It is a mark of a mean capacity to spend much time on the things which concern the body, such as much exercise, much eating, much drinking, much easing of the body, much copulation. But these things should be done as subordinate things: and let all your care be directed to the mind.
Again we see the balance inherent in Stoicism. Many philosophies degrade physical activities in preference for the mental, but Stoicism at least acknowledges the need for them to occur. As usual it's about where our focus lays. We need to care for the body, but as part 39 discussed, this should be limited to the level of neccessity.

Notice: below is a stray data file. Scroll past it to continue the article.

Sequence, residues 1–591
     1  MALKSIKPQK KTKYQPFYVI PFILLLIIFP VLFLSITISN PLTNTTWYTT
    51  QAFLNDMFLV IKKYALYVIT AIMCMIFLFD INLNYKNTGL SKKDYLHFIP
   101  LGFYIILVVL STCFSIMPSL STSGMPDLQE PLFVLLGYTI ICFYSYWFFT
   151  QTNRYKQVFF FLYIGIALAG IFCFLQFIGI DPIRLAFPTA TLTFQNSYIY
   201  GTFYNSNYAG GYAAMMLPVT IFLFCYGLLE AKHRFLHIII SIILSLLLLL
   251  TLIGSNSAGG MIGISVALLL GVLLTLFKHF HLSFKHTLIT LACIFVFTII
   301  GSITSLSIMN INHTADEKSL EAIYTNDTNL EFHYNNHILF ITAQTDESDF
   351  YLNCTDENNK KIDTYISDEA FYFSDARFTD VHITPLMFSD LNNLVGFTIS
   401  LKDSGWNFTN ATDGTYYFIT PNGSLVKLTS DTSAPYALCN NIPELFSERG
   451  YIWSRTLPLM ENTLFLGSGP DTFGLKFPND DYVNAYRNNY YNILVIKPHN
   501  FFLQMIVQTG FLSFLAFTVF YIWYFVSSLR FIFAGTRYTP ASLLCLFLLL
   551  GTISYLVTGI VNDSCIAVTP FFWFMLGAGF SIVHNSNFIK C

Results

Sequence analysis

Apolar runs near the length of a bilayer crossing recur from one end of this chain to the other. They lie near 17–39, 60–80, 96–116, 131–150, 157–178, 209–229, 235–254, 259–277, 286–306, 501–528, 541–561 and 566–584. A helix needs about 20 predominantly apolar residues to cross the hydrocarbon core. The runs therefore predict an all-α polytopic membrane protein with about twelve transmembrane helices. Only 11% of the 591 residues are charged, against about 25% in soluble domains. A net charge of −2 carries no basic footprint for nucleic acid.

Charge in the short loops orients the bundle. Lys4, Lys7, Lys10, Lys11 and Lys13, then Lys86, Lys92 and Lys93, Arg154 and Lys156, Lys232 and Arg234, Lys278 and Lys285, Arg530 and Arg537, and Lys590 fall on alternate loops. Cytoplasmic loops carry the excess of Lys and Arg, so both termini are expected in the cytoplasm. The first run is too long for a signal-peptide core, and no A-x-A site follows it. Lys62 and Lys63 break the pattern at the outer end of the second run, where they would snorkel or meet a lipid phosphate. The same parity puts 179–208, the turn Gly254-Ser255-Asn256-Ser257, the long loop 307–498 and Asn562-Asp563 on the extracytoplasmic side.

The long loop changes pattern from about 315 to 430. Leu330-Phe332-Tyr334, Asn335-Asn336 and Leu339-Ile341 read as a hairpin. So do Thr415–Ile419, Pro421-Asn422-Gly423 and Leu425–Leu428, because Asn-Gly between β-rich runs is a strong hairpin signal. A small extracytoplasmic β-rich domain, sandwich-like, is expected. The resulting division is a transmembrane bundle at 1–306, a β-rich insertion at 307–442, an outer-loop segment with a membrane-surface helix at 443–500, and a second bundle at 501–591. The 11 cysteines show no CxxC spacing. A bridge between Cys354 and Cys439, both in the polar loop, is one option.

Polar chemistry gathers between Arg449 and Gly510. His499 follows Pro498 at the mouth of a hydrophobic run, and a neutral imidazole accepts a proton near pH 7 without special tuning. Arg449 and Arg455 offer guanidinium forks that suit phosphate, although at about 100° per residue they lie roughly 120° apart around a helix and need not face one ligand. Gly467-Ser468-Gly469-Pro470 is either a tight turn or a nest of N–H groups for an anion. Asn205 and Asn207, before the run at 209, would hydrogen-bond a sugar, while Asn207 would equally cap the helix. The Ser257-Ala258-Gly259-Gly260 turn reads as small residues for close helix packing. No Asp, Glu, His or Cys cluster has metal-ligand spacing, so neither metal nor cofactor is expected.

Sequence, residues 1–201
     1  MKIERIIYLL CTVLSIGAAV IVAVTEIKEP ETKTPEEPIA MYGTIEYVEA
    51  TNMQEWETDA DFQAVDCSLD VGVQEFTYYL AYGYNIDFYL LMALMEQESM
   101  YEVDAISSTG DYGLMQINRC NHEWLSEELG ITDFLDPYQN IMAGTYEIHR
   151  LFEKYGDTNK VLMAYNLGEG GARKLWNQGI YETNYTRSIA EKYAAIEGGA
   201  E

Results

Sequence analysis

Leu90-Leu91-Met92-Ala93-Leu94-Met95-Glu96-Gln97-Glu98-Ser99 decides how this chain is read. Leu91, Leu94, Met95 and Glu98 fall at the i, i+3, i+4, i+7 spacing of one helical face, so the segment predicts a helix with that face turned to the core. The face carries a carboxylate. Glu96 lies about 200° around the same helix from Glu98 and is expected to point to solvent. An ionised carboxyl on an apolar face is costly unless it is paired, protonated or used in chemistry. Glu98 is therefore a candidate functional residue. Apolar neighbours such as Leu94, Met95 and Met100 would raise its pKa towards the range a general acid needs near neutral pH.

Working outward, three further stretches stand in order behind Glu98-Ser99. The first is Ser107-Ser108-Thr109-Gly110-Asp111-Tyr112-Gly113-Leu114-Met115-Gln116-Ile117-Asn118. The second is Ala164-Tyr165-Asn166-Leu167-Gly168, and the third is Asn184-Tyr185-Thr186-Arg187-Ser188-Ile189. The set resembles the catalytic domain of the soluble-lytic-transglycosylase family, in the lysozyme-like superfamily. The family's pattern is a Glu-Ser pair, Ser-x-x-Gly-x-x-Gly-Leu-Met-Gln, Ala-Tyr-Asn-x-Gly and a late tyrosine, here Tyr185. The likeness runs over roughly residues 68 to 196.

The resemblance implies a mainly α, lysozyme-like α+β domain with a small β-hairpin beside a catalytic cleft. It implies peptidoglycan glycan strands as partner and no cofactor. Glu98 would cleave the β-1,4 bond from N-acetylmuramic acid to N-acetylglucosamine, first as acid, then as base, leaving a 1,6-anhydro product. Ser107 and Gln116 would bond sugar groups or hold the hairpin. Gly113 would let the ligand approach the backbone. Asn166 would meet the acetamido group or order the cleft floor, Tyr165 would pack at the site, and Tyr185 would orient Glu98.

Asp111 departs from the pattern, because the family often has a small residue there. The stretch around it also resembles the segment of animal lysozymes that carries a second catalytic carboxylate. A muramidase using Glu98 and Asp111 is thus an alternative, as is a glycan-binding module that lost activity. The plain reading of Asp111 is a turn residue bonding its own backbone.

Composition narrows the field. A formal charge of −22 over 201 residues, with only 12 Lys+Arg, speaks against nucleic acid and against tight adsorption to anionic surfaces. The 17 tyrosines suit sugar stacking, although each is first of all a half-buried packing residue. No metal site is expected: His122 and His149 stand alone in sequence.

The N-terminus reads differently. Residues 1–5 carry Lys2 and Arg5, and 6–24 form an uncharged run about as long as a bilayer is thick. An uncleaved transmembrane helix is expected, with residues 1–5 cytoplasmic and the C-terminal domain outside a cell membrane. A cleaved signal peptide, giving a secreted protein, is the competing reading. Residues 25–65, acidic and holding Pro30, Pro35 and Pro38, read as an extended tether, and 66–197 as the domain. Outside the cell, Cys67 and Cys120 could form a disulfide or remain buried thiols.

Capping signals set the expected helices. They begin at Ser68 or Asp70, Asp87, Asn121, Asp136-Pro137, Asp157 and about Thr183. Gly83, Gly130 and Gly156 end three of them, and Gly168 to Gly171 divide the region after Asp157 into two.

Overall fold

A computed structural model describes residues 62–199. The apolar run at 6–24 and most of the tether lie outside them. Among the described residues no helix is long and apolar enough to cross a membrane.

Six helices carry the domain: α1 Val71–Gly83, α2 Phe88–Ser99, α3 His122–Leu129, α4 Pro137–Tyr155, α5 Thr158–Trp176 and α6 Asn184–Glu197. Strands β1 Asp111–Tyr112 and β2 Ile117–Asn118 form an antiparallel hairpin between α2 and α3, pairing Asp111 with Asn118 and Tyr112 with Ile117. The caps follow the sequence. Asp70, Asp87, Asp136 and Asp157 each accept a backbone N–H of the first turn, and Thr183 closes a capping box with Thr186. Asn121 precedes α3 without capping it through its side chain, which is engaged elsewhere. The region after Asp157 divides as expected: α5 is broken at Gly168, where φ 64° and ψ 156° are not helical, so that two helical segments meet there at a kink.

This is timely for me: after failing at stoicism I've refocused, and inspired by Part 39, and am following a fairly strict set of rules that provide for physical neccessity while maximising the focus on mental improvement. I may write more about the specifics at a later date.